Tuesday, May 19, 2009

On Pulp Literature

The boy's novelette may be ignorant in a literary sense, which is only like saying that modern novel is ignorant in the chemical sense, or the economic sense, or the astronomical sense; but it is not vulgar intrinsically--it is the actual centre of a million flaming imaginations.
--G.K. Chesterton, "A Defence of Penny Dreadfuls," The Defendant (1901)

8 comments:

  1. Sounds very similar to the old comic book worries of the 50's. Brain rotting material (may be true in my case. I read alot of friggin comics).

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  2. Why Mr. Gutenberg, your monstrous machine has made a great number of books all the same! It will turn out an army of zombie automatons! Especially among the lower classes!

    There is no class of vulgar publications about which there is, to my mind, more utterly ridiculous exaggeration and misconception than the current boys' literature of the lowest stratum.
    Since I'm just now catching up with Girl Genius, it strikes me that the Foglios would know all about this, and I'd be very interested to know what they have to say about it.

    ...and as an architectural historian, I'm amused by this:
    It has no more claim to be good literature than ...the lodging-houses and tenements they inhabit to be sublime architecture. Ahem, "Sublime."

    Sorry, back to gaming next time: I was deep in some iridescent ethical paradoxes when this caught me.

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  3. "A Million Flaming Imaginations" is a lovely turn of phrase. Of course, this is Chesterton we're talking about here, so that comes as no real surprise.

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  4. I love Chesterton. He is perhaps the most quotable writer in the English language. His books are impossible to underline. You find yourself underlining practically the entire page, at which you ask yourself, "What's the point?" Thereupon you put your pen away and simply read.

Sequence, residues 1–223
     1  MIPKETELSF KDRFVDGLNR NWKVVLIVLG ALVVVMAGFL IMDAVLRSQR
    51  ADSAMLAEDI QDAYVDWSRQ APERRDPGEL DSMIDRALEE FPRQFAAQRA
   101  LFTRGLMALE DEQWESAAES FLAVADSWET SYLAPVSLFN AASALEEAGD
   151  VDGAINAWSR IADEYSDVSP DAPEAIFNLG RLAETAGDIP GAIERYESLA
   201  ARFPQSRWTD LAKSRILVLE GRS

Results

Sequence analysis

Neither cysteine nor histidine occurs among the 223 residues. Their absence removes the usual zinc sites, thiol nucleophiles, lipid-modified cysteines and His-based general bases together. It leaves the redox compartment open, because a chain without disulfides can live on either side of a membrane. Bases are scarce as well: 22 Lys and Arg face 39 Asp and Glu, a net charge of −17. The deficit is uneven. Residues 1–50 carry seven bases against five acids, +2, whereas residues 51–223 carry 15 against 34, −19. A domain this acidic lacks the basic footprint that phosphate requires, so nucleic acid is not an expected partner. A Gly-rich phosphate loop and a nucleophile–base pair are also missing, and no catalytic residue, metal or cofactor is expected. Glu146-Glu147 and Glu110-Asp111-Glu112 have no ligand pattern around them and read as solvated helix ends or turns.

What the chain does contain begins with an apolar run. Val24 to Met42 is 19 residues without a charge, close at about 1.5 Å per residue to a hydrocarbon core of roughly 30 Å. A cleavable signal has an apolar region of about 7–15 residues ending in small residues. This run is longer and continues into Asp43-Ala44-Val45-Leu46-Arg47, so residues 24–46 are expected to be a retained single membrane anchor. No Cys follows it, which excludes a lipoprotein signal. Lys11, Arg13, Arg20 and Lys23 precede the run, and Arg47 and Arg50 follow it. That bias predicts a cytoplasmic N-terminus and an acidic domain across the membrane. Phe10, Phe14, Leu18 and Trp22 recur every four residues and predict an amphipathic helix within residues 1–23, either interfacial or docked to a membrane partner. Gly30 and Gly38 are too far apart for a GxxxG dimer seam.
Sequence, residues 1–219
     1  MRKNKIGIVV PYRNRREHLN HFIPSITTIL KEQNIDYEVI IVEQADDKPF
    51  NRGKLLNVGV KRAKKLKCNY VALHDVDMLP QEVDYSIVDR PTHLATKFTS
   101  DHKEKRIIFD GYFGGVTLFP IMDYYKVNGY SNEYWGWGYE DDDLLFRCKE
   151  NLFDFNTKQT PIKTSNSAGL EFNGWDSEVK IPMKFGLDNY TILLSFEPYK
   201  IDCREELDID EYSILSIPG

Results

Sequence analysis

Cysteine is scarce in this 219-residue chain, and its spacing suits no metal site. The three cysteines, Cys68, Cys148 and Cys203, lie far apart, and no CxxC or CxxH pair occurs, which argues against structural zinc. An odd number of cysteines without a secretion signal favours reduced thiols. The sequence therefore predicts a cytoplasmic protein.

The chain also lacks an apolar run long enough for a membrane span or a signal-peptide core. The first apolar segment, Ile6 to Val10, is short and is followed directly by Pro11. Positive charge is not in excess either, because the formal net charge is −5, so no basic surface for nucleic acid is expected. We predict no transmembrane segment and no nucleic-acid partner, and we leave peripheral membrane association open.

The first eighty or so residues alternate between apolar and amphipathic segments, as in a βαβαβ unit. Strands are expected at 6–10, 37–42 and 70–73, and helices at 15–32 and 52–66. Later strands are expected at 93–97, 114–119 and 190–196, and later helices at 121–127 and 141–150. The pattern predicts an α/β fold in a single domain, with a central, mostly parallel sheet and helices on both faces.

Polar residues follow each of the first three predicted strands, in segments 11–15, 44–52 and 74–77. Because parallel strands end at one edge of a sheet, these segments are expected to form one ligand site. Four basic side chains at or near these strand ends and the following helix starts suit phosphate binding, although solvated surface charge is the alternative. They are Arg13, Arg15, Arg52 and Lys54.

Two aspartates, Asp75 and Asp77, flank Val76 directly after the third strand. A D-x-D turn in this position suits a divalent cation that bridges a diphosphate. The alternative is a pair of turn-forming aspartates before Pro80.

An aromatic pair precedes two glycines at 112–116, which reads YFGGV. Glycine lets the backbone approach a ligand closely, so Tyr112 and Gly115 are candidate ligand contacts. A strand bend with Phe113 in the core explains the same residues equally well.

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  5. I read every piece of writing that crosses me, lest I cheat myself. Let me tell you, there is plenty of drivel in the highest places, be it literary fiction in Harper's or foreign policy papers prepared by expoits. Hence, I never look down on anything.

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  6. In a lot of ways, I'm the "anti-high brow." I'm actually zealous in my preferences for the low-brow, mass appeal of stuff like the pulps, the penny dreadfuls, comic books, and cheap mass market paperbacks.

    What strikes me as interesting is that with the separation of some time, so that the academic snobbery can wear off a bit, we can start to understand the appeal of popular, mainstream writing. There's a revolution in literature right now (well, maybe that's overstating it just a bit, but you get the point) of looking at the pulps as significant pieces of literature, for example. A few decades ago, Charles Dickens was considered vulgar. And the time-honored classics like Homer, Shakespeare, etc.? All popular, mainstream works of art that happened to survive. The reason we can view them with some academic reverence today is mostly just because they're old. Not to denigrate their intrinsic merits, but still.